Sobieski Vodka has become one of the fastest growing vodka brands in the U.S. in just a short time. After entering the market in January 2007, Sobieski hit the one million case mark during fiscal 2011, which Imperial Brands ceo Chester Brandes told WSD was their goal from the beginning. Its success was largely built on its "Truth in Vodka" campaign, which pokes fun at its vodka competitors and claims that vodka doesn't need to be expensive to taste good. Bruce Willis, who is part owner of Sobieski, has since joined the campaign in a series of webisodes alongside Krzysztof Trylinski, chief executive officer of parent company Belvedere S.A.
Chester has worked in the wine and spirits industry for more than 34 years in both the U.S. and international markets. Before joining Imperial Brands in January 2007, Chester was vp, international markets, at Cruzan. From 1988 to 2000, he worked for the Altia Group, and was appointed president and ceo of Finlandia Vodka Americas (Altia's U.S. subsidiary) in 1989. His long history includes stints as managing director of Sempe USA and western division vp for Glenmore Distilleries Co.
So here's a closer look at Sobieski and Chester's thoughts on the vodka industry at large as you, dear reader, are a fly on the wall:
WINE & SPIRITS DAILY: First off, congratulations on hitting the one million case mark.
CHESTER BRANDES: Well thank you, we worked very hard to get there. One could argue our vision was rather bold from day one. We've been pretty consistent since 2007 when we opened this company here. We really wanted to be the vodka brand to hit 1 million cases faster than any other vodka brand had ever done it. Considering we hadn't even sold one bottle that's fairly ambitious. One could almost argue obnoxious in a way, but we were convinced we had the right game plan and that's the key to the whole thing. It's not just about the right product, the right quality, or the right package. It is also about the right positioning, the right marketing and taking the time to put together the perfect game plan so that we don't get resistance from any level of the trade. We had our advertising positioning down before we sold a single bottle. One of the mistakes that a lot of new brands make is that when they enter the market they're in a hurry to sell cases. We didn't sell our first bottle for seven months. We purposefully waited until we had all our ducks in a row, and then we started selling and it just kind of mushroomed. We launched before the economic meltdown in 2008, but certainly one could argue that didn't hurt us, but played into our positioning that you don't have to pay a king's ransom to get a great vodka.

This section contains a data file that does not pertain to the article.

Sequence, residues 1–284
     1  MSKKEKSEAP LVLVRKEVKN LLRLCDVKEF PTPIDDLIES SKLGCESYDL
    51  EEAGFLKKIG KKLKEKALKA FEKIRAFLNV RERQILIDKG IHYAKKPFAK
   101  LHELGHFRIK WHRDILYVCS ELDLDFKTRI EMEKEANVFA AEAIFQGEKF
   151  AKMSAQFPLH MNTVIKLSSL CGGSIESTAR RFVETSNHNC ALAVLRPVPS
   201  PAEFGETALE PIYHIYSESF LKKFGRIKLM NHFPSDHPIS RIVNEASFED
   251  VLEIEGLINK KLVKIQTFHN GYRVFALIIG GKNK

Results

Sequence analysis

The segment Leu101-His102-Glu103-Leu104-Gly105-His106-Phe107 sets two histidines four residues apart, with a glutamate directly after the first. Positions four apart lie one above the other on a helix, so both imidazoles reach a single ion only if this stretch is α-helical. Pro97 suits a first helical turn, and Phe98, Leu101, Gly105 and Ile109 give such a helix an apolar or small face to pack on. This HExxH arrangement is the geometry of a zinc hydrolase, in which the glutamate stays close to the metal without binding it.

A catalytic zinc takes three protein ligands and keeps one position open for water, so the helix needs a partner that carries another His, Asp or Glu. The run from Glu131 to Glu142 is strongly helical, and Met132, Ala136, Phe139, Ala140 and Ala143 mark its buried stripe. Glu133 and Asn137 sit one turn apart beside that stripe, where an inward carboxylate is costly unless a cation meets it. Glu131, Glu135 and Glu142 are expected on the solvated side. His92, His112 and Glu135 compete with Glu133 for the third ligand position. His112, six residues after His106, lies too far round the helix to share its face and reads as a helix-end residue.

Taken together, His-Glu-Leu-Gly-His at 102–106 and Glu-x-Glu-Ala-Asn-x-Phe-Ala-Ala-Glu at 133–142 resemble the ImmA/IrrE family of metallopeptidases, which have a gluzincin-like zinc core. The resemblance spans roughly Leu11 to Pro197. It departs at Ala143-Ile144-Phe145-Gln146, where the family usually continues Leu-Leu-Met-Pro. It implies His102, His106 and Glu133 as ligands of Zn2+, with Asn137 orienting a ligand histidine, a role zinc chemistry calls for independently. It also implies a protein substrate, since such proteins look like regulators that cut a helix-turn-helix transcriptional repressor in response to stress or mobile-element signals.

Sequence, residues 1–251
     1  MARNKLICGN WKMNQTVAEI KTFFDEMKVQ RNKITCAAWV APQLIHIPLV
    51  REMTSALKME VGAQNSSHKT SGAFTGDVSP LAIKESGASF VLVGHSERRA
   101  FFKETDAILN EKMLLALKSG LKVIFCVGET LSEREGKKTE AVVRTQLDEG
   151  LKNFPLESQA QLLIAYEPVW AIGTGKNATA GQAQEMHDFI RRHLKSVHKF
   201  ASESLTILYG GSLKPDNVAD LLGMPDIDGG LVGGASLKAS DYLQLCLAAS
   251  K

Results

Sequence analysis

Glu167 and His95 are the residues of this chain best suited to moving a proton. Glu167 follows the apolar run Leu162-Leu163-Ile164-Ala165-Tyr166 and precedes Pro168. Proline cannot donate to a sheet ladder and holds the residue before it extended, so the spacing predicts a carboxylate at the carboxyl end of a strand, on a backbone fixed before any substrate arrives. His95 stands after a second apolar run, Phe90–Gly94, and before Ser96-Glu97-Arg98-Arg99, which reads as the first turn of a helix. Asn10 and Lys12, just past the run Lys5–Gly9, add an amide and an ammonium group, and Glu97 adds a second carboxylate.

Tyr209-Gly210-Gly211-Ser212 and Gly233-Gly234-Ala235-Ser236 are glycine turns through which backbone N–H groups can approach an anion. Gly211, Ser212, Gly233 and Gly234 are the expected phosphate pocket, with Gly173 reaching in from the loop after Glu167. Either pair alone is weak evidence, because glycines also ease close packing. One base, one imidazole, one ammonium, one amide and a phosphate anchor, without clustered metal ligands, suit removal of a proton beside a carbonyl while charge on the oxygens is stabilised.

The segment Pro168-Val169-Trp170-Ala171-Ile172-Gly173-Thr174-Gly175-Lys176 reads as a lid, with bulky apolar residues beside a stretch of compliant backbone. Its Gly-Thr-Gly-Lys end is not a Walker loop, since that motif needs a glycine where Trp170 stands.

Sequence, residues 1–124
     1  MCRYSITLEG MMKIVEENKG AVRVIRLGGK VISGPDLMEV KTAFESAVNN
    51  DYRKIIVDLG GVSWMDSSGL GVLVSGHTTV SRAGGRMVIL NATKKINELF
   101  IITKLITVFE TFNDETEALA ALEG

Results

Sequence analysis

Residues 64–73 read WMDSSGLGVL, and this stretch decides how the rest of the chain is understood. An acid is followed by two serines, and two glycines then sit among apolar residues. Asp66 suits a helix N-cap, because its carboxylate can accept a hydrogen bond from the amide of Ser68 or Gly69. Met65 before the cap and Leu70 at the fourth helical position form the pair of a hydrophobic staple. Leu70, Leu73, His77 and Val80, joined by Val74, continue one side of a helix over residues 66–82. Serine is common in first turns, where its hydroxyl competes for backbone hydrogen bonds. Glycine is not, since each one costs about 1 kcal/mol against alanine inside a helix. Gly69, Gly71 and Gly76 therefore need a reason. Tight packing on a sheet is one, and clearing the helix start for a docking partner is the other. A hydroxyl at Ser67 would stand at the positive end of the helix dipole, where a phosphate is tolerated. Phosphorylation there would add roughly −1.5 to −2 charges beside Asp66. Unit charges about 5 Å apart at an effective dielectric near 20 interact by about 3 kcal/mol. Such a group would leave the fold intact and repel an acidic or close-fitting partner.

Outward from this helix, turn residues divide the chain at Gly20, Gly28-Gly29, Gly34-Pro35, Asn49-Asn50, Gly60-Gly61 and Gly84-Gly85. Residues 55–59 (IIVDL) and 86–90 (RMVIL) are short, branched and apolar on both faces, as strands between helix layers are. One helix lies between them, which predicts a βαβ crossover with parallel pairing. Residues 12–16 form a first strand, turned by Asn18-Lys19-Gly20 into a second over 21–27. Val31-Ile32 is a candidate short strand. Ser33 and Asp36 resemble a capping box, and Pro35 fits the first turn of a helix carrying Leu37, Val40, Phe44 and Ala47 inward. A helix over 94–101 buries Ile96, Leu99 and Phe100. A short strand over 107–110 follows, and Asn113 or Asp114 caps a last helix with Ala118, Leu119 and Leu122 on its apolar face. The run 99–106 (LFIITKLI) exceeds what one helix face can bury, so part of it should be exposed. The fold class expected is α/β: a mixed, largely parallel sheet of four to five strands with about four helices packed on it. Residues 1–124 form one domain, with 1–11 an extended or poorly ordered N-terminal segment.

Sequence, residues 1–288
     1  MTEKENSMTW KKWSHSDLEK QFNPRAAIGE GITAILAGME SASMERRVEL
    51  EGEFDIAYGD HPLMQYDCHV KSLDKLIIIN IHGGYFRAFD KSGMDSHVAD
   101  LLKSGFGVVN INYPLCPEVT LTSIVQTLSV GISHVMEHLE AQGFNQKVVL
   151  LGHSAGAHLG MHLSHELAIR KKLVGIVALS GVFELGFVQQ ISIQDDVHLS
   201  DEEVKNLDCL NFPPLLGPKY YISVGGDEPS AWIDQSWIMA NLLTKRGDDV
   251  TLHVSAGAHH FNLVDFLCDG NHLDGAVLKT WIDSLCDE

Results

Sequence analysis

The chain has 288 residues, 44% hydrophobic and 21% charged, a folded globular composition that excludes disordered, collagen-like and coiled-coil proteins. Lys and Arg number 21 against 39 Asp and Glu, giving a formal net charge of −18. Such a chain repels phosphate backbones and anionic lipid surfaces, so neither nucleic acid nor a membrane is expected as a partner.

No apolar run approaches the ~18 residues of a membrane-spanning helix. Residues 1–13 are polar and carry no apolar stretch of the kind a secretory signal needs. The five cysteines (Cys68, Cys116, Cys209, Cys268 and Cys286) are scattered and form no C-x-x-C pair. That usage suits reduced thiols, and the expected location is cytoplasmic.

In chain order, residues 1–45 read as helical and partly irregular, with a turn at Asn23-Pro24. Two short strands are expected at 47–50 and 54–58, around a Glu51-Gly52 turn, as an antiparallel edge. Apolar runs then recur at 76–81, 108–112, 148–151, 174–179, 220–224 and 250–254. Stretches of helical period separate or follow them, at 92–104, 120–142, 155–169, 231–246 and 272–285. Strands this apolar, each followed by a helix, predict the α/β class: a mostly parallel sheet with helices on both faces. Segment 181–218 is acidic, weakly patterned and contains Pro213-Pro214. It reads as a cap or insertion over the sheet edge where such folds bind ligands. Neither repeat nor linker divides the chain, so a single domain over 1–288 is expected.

WSD: Would you talk more about the retailer and distributor needs you took into account?
CHESTER: We know what kind of margins distributors want to work off of. We know what kind of support that they need in terms of initial programming incentives for the sales force - especially to get distribution on a new brand in a category as crowded as imported vodka. Retailers, same thing, we know what kind of margins they want to work off of, so there was enough in it from the standpoint of our distributor selling price to make them happy. That's incredibly important.
WSD: How were you first approached by Belvedere to bring the brand to the US?
CHESTER: That's an interesting story. I was working for Cruzan International. I had set up an international division for them living in Florida. The parent company (majority shareholder) of Cruzan was a company called CL World Brands. They also had a stake in the Belvedere group in France. I got to know Belvedere through various management meetings around the world. I was basically the only person at Cruzan who didn't have a rum background. My background, as you may or may not know, is largely vodka. When we got together at these meetings, the Belvedere people were 100% vodka, so they kind of gravitated toward me and we became friendly, collegial. When Cruzan ultimately was sold to V&S, the Belvedere people approached me about setting up a company in the United States to establish Sobieski vodka. I originally said no because I had a relationship with the V&S people and wanted to see where that was going to take me. Then Belvedere came back to me again around September, October in 2006. I said, 'Ok we'll do it, but under one condition: if you want to position Sobieski vodka against Grey Goose or even Absolut, find somebody else to do it. You'll run out of patience and money before that's going to happen.'